The Twizy Renault Sport F1 mixes diminutive electric car with a Formula 1-style KERS boost.Renault The Twizy Renault Sport F1 mixes diminutive electric car with a Formula 1-style KERS boost.

In which we bring you motoring news from around the Web:

• What do you get when you cross a diminutive electric city car and a Formula 1 racer? The Twizy Renault Sport F1, apparently. It’s an exercise in boldness, superimposing Formula 2 wheels, a Formula-style steering wheel and a racy front splitter onto a platform that looks more likely to be moseying around a golf cart path than blasting around a racetrack. But the souped-up Twizy’s secret weapon also comes from F1’s bag of tricks. Where rear passengers would normally sit, Renault stuffed in a kinetic-energy recovery system, or KERS, that’s not unlike the ones their Formula teams use on the track. It doesn’t benefit from the extreme high speeds Formula cars’ KERS units glean their power from, but Renault said that the Twizy – which will be built in Spain – could rocket from 0 to 60 miles per hour in about six seconds to reach a top speed of 68 miles per hour. (Autoblog)

• Elon Musk, chief executive of Tesla Motors, appears to be as fed up with the awful traffic on the 405 freeway in Las Angeles as many other gridlock-suffering Angelenos. Mr. Musk has already given $50,000 of his own money to Angelenos Against Gridlock, a group dedicated to speeding up the I-405 widening project that has so far faced delays and is $100 million over its $1 billion budget. He told The Los Angeles Times that he may be willing to chip in more for extra workers to expedite the job, as he has “super had it” with his regular slog through L.A. traffic. (The Los Angeles Times)

• At the Shanghai auto show this week, the American electric sports car manufacturer Detroit Electric and the Chinese automaker Geely announced a partnership aimed at developing an electric passenger car capable of reaching 124 m.p.h. The two companies said in a release that they planned 100- and 160-mile-range variants of an electric car based on Geely’s Emgrand EC7 by 2014. The two companies projected 3,000 EC7-EV sales in its first year of production and 30,000 by the end of three years. (Automotive News)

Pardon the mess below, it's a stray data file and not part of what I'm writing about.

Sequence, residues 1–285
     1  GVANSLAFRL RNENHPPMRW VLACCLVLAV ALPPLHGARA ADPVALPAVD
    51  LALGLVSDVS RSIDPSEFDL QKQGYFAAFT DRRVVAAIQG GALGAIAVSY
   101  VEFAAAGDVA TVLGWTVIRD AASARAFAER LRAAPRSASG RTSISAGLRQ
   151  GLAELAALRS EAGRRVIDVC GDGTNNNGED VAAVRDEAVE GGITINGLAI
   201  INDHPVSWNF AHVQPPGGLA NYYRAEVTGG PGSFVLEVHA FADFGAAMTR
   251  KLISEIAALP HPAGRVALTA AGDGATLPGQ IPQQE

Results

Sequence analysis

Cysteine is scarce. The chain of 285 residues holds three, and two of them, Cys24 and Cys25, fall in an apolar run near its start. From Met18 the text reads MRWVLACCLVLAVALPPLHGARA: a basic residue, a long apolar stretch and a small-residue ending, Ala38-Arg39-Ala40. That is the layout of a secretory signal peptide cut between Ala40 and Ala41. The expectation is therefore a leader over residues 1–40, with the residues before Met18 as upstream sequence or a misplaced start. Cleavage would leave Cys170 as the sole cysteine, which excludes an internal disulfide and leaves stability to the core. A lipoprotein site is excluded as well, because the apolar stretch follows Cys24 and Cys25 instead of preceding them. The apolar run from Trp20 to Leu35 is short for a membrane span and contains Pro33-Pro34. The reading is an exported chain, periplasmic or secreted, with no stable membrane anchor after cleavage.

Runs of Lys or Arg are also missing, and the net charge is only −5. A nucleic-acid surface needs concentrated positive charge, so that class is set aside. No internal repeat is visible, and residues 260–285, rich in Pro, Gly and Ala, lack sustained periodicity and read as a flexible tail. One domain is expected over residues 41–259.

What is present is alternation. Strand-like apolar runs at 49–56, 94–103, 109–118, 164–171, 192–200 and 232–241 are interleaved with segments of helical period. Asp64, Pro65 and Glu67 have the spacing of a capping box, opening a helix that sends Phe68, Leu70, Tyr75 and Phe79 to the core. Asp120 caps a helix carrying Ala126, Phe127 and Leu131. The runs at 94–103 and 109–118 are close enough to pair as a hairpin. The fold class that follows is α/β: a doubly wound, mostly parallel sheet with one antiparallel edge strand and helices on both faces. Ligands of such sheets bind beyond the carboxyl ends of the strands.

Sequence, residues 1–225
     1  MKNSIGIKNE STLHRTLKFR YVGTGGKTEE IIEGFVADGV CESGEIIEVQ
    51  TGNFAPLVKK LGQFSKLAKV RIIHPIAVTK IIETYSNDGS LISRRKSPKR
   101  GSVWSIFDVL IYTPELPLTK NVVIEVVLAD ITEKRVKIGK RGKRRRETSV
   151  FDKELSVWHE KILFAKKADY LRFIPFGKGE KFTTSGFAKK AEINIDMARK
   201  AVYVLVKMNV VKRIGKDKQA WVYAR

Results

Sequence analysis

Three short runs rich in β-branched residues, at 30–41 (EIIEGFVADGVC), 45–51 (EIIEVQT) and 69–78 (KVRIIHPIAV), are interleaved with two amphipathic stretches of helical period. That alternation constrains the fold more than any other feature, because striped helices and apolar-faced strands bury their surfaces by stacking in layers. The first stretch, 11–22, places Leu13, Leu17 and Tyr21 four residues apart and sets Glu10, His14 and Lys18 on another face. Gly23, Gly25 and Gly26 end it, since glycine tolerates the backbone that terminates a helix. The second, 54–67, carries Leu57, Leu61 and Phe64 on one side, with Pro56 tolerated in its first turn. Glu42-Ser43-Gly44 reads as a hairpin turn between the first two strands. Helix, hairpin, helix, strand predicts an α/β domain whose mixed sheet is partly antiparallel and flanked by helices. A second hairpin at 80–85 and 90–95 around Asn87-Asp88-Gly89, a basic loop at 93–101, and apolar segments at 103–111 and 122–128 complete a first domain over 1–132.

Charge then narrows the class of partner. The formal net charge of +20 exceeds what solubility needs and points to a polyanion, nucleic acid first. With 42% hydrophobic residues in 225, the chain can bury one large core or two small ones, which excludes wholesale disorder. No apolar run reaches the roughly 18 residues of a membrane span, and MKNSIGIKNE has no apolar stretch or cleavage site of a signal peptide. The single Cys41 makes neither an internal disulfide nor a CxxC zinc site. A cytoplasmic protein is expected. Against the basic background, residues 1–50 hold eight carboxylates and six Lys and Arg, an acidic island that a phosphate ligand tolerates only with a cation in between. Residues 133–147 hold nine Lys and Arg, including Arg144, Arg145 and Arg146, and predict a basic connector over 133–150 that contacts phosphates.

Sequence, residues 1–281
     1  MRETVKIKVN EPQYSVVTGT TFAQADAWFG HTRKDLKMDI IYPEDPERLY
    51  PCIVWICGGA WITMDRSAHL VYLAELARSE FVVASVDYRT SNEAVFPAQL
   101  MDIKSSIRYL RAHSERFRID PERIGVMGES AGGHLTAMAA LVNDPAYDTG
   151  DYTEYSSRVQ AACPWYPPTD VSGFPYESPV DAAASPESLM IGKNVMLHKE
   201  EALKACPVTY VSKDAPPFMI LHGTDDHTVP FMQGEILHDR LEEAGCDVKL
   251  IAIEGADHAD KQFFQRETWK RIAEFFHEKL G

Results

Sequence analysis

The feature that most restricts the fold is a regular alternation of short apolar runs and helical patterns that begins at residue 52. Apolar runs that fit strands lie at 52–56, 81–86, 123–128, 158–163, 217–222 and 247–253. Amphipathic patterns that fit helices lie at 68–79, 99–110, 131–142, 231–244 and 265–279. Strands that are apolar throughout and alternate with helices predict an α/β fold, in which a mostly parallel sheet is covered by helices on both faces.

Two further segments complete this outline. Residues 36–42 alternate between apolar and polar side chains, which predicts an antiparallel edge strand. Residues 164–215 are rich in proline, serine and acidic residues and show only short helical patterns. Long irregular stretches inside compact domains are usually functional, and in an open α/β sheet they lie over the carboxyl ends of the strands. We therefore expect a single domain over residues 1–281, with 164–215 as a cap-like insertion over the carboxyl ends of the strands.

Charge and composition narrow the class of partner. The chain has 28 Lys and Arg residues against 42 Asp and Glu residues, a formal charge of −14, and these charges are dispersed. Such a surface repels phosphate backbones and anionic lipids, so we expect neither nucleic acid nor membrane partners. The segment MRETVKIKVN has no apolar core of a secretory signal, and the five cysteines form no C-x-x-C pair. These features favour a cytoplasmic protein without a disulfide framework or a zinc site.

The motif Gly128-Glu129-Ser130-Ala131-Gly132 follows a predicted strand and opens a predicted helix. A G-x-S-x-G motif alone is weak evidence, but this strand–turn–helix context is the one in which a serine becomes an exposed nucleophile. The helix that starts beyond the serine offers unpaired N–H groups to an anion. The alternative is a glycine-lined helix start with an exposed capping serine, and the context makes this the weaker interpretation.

• Hyundai is under heavy fire over a suicide-theme ad for its iX35 fuel-cell car in Europe. The roughly one-minute clip depicts a depressed-looking middle-aged man who appears to be trying to kill himself by running a hose from his iX35’s exhaust pipe into the car’s interior. He does not succeed. Hyundai’s message is that the all-water emissions of the fuel-cell-driven ix35 are so clean, it’s impossible to kill yourself with the car. A London-based advertising copywriter, Holly Brockwell, sharply criticized the ad in an open letter, saying that it made her feel empty, sick and miss her father, who ended his own life using the same method when she was a young girl. Hyundai pulled the ad and apologized. (The Daily Dot)

• An auto theft ring that is said to have stolen more than 100 cars in several states has been indicted by the United States Department of Justice. The 21 people charged with the conspiracy used a number of methods to steal luxury cars and S.U.V.s, including falsifying loan applications, using fake titles from an Oklahoma Indian nation and tampering with vehicles’ tracking systems. Among the charges leveled at the alleged conspirators were bank fraud, mail fraud, conspiracy and receipt of stolen motor vehicles. If convicted, they face up to 30 years in jail and up to $1 million each in fines. (ABC News)

By THE NEW YORK TIMES